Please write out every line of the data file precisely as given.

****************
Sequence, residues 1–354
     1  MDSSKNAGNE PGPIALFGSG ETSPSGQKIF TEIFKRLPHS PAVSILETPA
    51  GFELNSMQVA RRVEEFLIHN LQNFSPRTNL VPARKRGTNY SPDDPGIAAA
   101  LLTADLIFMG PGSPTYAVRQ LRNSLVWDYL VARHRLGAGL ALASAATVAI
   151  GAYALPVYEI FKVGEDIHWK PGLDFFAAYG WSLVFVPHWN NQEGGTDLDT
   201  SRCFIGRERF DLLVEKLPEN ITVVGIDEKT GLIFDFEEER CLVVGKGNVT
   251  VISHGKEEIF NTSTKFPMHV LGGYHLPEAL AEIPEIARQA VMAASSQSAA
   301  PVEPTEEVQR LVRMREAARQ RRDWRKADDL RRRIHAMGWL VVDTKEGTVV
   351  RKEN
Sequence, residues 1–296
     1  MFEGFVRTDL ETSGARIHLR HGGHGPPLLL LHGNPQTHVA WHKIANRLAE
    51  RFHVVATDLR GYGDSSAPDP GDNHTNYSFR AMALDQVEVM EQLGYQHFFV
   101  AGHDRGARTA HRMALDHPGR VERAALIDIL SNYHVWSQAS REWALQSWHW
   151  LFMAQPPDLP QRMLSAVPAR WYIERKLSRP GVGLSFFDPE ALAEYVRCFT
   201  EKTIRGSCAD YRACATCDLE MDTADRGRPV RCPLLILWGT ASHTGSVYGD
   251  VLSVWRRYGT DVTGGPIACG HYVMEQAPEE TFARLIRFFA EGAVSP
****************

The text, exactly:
Sequence, residues 1–354
     1  MDSSKNAGNE PGPIALFGSG ETSPSGQKIF TEIFKRLPHS PAVSILETPA
    51  GFELNSMQVA RRVEEFLIHN LQNFSPRTNL VPARKRGTNY SPDDPGIAAA
   101  LLTADLIFMG PGSPTYAVRQ LRNSLVWDYL VARHRLGAGL ALASAATVAI
   151  GAYALPVYEI FKVGEDIHWK PGLDFFAAYG WSLVFVPHWN NQEGGTDLDT
   201  SRCFIGRERF DLLVEKLPEN ITVVGIDEKT GLIFDFEEER CLVVGKGNVT
   251  VISHGKEEIF NTSTKFPMHV LGGYHLPEAL AEIPEIARQA VMAASSQSAA
   301  PVEPTEEVQR LVRMREAARQ RRDWRKADDL RRRIHAMGWL VVDTKEGTVV
   351  RKEN
Sequence, residues 1–296
     1  MFEGFVRTDL ETSGARIHLR HGGHGPPLLL LHGNPQTHVA WHKIANRLAE
    51  RFHVVATDLR GYGDSSAPDP GDNHTNYSFR AMALDQVEVM EQLGYQHFFV
   101  AGHDRGARTA HRMALDHPGR VERAALIDIL SNYHVWSQAS REWALQSWHW
   151  LFMAQPPDLP QRMLSAVPAR WYIERKLSRP GVGLSFFDPE ALAEYVRCFT
   201  EKTIRGSCAD YRACATCDLE MDTADRGRPV RCPLLILWGT ASHTGSVYGD
   251  VLSVWRRYGT DVTGGPIACG HYVMEQAPEE TFARLIRFFA EGAVSP